Rei: It still has that meat.

Billy: It allowed us to further the dynamic, I think. While we were able to get heavier we were able to get kind of poppier and the songs have bigger hooks and stuff without sounding kind of too cheesy or lame. I’m really happy with how it turned out, and I think people hearing the record next week are going to be really stoked.

Rei: As you’re playing Warped Tour you’re gaining new fans that haven’t heard you all before, or may not even be aware that you have such a vast catalog. What are you hoping that new fans take away from your performance?

Billy: I think just that realizing that we’ve been a band for a while, and that maybe some of their favorite bands that are younger might have been fans of ours or been influence by us, or that there’s all this back catalog for them to discover, you know? It’s not just about a new record, it’s not just about an old record, it’s about the whole package. We’ve got I think eight records now, so yeah, there’s a lot to dive into if people are just finding out about Silverstein now. Definitely dive in and check out, there’s a lot of great songs out there.

Rei: If you had to write the memoirs of Silverstein right now, what would be the things that stand out that would be in the first chapter?

Billy: I mean, I think we got our well known … We’re Canadian, we’re well known as being a real friendly band, so nice guys, very apologetic, you know? All the Canadian stereotypes. I think we like to party but we keep it pretty tame, you know? I think people would, yeah, know us as quintessential Canadians.

Rei: Are there any moments that stick out at you? Moments on tour, stories that you can share with us? Everybody loves a good story.

Billy: It’s always the toughest question when you’re put on the stop, it’s like, “What’s the craziest tour story?” And then you never remember because it’s lie every day is kind of the same.

Rei: How about this Warped?

Billy: This Warped so far … I don’t know. We just got a lot of good pals. We’ve toured with a lot of the bands. We’ve been hanging out pretty hard. We hosted the Canada Day barbecue the other day. I did some interpretive dance with the Canadian flag to Celine Dion’s My Heart Will Go On. That was pretty wild.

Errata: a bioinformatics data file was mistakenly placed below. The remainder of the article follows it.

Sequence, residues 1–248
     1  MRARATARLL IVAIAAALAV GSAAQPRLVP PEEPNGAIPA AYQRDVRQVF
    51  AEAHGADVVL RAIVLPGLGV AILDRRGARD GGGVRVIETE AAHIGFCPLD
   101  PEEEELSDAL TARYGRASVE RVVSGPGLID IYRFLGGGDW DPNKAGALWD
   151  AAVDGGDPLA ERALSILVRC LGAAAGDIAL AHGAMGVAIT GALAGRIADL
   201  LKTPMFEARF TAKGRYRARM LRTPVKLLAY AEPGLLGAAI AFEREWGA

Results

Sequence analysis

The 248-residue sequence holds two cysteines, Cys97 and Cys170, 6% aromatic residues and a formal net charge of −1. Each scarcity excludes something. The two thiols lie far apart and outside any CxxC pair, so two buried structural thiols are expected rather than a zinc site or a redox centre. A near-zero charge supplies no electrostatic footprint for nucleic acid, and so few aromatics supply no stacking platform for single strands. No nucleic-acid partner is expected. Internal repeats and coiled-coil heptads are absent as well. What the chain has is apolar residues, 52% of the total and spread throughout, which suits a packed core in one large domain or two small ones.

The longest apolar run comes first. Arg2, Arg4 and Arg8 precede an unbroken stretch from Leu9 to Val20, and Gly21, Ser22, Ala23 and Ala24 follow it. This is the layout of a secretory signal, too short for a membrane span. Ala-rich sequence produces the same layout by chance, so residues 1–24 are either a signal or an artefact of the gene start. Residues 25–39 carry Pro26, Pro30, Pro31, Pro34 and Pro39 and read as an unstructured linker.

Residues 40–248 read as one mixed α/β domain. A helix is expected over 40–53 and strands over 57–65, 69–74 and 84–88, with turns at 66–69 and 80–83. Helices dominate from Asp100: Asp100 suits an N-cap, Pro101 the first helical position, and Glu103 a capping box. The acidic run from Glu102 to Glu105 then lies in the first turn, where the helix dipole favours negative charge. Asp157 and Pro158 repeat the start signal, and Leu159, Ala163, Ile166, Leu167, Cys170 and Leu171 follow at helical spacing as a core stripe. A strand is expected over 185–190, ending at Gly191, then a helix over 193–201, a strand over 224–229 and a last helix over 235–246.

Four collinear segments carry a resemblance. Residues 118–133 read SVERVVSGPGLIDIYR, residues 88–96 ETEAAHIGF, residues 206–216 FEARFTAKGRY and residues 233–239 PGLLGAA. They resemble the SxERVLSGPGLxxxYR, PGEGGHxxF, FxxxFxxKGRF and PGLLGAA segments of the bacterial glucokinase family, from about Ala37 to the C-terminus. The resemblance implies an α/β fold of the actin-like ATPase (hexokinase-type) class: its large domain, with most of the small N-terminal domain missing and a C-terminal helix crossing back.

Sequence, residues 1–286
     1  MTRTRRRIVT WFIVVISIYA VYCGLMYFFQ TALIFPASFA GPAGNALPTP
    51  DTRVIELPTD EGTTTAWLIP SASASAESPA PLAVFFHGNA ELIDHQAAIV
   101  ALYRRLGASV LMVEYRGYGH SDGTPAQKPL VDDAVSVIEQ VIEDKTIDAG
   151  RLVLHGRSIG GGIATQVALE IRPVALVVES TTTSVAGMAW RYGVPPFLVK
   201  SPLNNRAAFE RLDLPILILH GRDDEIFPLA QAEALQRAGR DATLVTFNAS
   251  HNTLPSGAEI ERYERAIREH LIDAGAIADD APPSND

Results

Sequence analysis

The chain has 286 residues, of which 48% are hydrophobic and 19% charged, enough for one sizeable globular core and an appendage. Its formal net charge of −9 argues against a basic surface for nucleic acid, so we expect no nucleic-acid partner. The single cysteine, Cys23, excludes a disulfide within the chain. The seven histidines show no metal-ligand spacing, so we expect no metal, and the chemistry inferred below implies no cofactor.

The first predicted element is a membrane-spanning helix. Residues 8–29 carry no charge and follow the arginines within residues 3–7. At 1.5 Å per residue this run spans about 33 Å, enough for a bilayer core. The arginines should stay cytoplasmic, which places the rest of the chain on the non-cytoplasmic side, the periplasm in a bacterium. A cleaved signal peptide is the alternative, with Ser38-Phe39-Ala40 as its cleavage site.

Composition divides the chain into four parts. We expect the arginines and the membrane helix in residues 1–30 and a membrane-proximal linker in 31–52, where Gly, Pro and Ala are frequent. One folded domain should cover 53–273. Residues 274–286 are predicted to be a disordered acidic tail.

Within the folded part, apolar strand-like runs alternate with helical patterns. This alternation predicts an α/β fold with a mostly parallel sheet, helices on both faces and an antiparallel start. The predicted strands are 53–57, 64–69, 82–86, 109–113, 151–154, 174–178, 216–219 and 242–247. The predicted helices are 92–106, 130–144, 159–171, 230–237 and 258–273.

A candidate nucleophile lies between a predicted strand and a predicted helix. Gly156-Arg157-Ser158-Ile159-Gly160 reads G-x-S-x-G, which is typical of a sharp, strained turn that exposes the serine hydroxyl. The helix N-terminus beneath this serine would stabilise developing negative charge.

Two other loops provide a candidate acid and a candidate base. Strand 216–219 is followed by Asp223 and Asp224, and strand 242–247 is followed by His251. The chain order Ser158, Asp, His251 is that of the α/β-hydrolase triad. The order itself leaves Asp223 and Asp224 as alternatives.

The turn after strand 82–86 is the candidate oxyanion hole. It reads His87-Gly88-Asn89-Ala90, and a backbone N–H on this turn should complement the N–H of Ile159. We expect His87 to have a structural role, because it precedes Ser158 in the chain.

Rei: Multi-talented, this guy.

Billy: Yeah. I don’t know. Things don’t get too crazy for us. We were just in South America and Shane lost his passport, that was about as crazy as it gets.

Rei: That sucks.

Billy: But no, this Warped’s been cool. We got a lot of good friends and were meeting a lot of new friends. We’ve gotten pretty tight with Gwar, who we’re sharing a stage with. They’re veterans as well, but you know, we’ve been able to kind of get in behind the scenes with them and hang out with them outside of the costumes, I guess. They’re really great dudes and we’re stoked to be hanging with them. We obviously got good friends we toured with like Beartooth, and Hands Like Houses, and Hawthorne Heights. Counterparts are local friends of ours. There’s a lot of great bands that are here. Being as an Ocean, you know?

Rei: It seems like people keep talking about it like a family reunion or a rockstar camp, or something like that. Are there any bands that if you had a dream tour you would love to tour with that you haven’t yet? That’s a tall order because you all have done a tone.

Billy: That we haven’t yet. Well, it’s tough to say that we haven’t yet, because Warped Tour really does bring a lot of bands together. I just immediately thought we’ve been trying to do a tour with this band that I love called Defeater for a long time, but they were on Warped Tour three, four years ago and we toured with them then, so that’s tough to say. Trying to think. This new band that I would love to tour with that we have yet to be able to tour with is called Culture Abuse. I saw them a couple times, I love their record. I think they just signed with Epitaph. That would be a band I would love to take out on a tour. I met them, they’re cool guys, you know? Culture Abuse, what’s up? Come on tour with us.

Rei: I was going to say. Don’t worry, go. Google it right now.

Billy: Their record Peach is awesome. It was my favorite punk record last year.